Show: “There are 10 major steps to our final release planning. They look like this:

 

Now, if you were a team member, which approach would be a bigger help?

Strength in Symbols

Taking the idea of show vs. tell a step further, symbols are a great tool for condensed, concentrated information relay. They provide more understanding in less time, using less presentation “space.”

Example: You want to lay out the broad actions to reach a project’s main objective. You could write the steps out and explain how they proceed from one to the next. It’s lots of verbiage — and lots of opportunity to lose your audience. OR you could put the same concepts across with just a few words and a bit of symbolism, like this:

 

Now, what do you do to get your planning messages across? Let’s hear your best practices. Your questions are welcome too, of course.

About the Author

Toke Kruse is serial an entrepreneur, the owner of Slideshop.com (www.slideshop.com), major providers of PowerPoint templates, and founder of Billy’s Billing (www.billysbilling.com), providing small business accounting software in plain English.

Illustrations are from Slideshop.com.

 

 

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  • Kasper Tidemann

    This is great, thank you! I’ve often come across presentations full of bullet points – keeping it short and visually explanatory is way better.

  • http://www.billysbilling.com/ Toke Kruse

    Thanks Kasper. Have a nice day.

  • http://www.glasgowmedical.co.uk/ Glasgow medical

    Many thanks for the article, clear, concise and a lot of useful info.

    Best,
    Simon

  • paulminett

    “Another crucial element of simplification is being “specific”. If you’re vague and foggy in your statements or descriptions or assignments, your team is going to end up vague and foggy, too.”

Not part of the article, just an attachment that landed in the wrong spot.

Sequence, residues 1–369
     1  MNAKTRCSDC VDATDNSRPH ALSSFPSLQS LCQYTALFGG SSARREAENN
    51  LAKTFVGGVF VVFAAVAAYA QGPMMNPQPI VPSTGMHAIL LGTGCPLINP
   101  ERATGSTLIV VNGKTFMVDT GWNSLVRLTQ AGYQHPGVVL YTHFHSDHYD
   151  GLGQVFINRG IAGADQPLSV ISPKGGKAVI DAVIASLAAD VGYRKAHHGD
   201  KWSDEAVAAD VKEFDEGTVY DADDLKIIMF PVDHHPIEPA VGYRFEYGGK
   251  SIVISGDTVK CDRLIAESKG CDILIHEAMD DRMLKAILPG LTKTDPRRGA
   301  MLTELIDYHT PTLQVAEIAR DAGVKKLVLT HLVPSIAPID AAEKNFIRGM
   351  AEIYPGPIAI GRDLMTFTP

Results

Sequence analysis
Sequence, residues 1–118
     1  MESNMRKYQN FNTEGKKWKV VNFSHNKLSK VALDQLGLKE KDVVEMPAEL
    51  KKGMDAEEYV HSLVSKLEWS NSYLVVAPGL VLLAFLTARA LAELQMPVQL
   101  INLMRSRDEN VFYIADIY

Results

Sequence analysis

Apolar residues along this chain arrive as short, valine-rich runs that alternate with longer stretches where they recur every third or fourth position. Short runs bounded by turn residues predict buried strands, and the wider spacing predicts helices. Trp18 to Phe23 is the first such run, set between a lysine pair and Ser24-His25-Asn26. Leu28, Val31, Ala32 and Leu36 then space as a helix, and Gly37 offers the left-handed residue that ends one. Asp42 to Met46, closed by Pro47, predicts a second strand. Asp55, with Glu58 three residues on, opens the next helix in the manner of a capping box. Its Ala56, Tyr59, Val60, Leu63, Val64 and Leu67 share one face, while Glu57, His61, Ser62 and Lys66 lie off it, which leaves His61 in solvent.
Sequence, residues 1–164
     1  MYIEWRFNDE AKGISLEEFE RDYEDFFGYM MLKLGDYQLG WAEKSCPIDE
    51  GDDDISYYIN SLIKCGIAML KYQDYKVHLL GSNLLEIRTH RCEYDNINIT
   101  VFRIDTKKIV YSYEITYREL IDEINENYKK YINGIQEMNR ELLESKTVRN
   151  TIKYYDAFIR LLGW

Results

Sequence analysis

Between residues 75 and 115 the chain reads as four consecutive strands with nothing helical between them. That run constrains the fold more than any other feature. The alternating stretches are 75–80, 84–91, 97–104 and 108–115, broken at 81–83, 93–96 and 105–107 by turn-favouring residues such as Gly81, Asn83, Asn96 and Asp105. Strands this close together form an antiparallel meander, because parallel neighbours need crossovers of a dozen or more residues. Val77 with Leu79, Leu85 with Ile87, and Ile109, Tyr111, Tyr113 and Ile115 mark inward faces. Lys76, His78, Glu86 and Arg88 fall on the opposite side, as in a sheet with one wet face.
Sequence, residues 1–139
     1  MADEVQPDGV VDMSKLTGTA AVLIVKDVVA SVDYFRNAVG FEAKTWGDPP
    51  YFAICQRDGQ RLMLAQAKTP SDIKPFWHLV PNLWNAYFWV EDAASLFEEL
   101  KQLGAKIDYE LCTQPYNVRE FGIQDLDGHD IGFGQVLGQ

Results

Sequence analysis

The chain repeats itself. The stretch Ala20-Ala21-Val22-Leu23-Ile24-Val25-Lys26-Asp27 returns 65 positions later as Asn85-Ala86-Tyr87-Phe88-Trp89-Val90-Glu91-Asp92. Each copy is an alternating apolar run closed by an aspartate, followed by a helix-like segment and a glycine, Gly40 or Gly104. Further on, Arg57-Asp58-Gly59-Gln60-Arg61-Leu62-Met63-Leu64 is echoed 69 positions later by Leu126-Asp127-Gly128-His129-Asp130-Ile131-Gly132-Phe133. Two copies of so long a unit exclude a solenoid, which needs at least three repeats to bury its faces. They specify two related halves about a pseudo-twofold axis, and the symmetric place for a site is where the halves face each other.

Does anyone else feel challenged by this? How often have you heard it? I think it could be the single most challenging aspect, and it seems like the most difficult.

  • Mark Treadwell

    Congratulations! This is a great example of what effective teaching/learning looks like. Emphasise the concept and keep the initial knowledge component to the minimum. Additional knowledge is created Just in Time (JiT)

  • siva durai

    Another great parth towards planning. Your assignments are designed for forcus with direction……

  • Fred Tremblay

    State problems and actions in complete sentences, each one concise but containing a subject and a predicate and avoid the use of ambiguous terms with multiple definitions. You will minimize the fog and have a better chance of gaining agreement or buy-in.

  • Carl Hartman

    Sycophants. You must be pitching the steno pool. Real pitches at the executive level are not done like this. And if my staff is using cheesy clip art stairs, they’d be out the door. This is the kind of busy work lemmings do to feel productive.

  • samungole fred

    thank you I will be using it

  • Adekunle Gbenro

    Thanks.

  • Immanuel Nwachukwu

    what would you rather?